This is an interesting issue. I used to believe it shouldn't at all in normal usage, because I want to be able to turn on or off WSRM without having to change my application code.He then goes on to describe how WS-RM is exposed to the application in Apache's open source WSRM implementation, Sandeesha by the use of a SequenceKey.
But there are some aspects that require some interaction with the application. The first one is knowing how to associate messages with a particular reliable sequence. For example, I may have multiple stubs running in an application server on behalf of multiple clients. I could aggregate all the requests into a single sequence, which will be more efficient in terms of the protocol, and the overhead of managing large numbers of sequences. But if the endpoint is doing ordered delivery, it now may end up holding up messages from one client while messages for another are delivered, which might not be the desired behaviour.
Certainly, this is one way to associate a reliable messaging sequence with specific aspects of the application. However, my personal take is that this exposure of the underlying reliable messaging infrastructure, even though somewhat abstracted, is misguided.
I believe that Paul's initial position, that WS-RM should NOT be exposed via the API, but rather through deployment configuration of the application component, is the preferred approach.
The same abstraction that Paul describes, of associating specific messages with a sequence can be achieved through other means than exposure via the API, such as through the deployment descriptor.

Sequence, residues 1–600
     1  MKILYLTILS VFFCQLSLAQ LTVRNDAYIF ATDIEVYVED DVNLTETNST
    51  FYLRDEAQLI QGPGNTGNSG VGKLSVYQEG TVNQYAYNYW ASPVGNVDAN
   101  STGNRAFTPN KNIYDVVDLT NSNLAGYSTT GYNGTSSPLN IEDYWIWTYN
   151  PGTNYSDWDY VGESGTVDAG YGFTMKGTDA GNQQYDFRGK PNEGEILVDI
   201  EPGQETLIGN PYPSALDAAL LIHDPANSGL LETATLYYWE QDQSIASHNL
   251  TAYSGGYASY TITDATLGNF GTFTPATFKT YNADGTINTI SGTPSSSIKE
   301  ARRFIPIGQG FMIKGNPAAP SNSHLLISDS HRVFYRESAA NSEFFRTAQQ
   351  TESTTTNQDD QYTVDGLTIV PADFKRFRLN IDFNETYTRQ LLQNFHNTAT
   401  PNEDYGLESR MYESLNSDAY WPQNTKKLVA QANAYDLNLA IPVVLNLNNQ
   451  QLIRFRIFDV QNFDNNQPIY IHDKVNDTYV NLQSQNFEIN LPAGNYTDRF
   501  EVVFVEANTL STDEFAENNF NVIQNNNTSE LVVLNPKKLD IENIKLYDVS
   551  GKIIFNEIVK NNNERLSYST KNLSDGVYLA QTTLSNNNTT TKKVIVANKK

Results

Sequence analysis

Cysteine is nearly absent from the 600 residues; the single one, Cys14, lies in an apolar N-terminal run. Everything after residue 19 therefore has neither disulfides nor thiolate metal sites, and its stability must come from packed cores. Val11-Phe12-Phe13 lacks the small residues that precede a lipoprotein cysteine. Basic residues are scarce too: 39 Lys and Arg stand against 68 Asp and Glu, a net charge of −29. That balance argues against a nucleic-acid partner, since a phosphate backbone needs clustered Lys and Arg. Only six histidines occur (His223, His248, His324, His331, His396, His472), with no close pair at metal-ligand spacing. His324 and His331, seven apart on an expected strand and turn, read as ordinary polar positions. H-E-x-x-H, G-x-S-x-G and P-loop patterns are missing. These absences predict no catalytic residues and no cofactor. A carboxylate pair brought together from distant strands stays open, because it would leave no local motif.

Paul continues with the following:
The same applies to the idea of a LastMessage. Sandesha lets you mark a message as being the last in a sequence. This is something that generally only the application designer can know, so again I think it would be great to promote this onto the standard API.While the recently adopted Committee Drafts of the OASIS WS-RM spec still retains the
Paul's post continues:
The final issue is letting the application know how the RM delivery is getting on. In general we would like to trust that every message is delivered successfully, but things happen. There will be occasions where timeliness is also important. I see two potential approaches for this. The first is to expose via a management interface a view of the whole sequence. So in Java, we could make the sequence manageable via JMX. And if we make the SequenceKey part of that management, then the application could use it to help map from the application logic into the underlying sequence.I think that this is an orthogonal issue to the API issue. Exposing a management interface into the state of a Sequence isn't really the same as exposing reliable messaging to the application. Frankly, I think that there is an important separation of concerns at play here. The application shouldn't be managing the Sequence state. It should be oblivious. Reasonable people may disagree on this point, but I firmly believe that the application should leave the underlying specifics of reliable messaging to the infrastructure.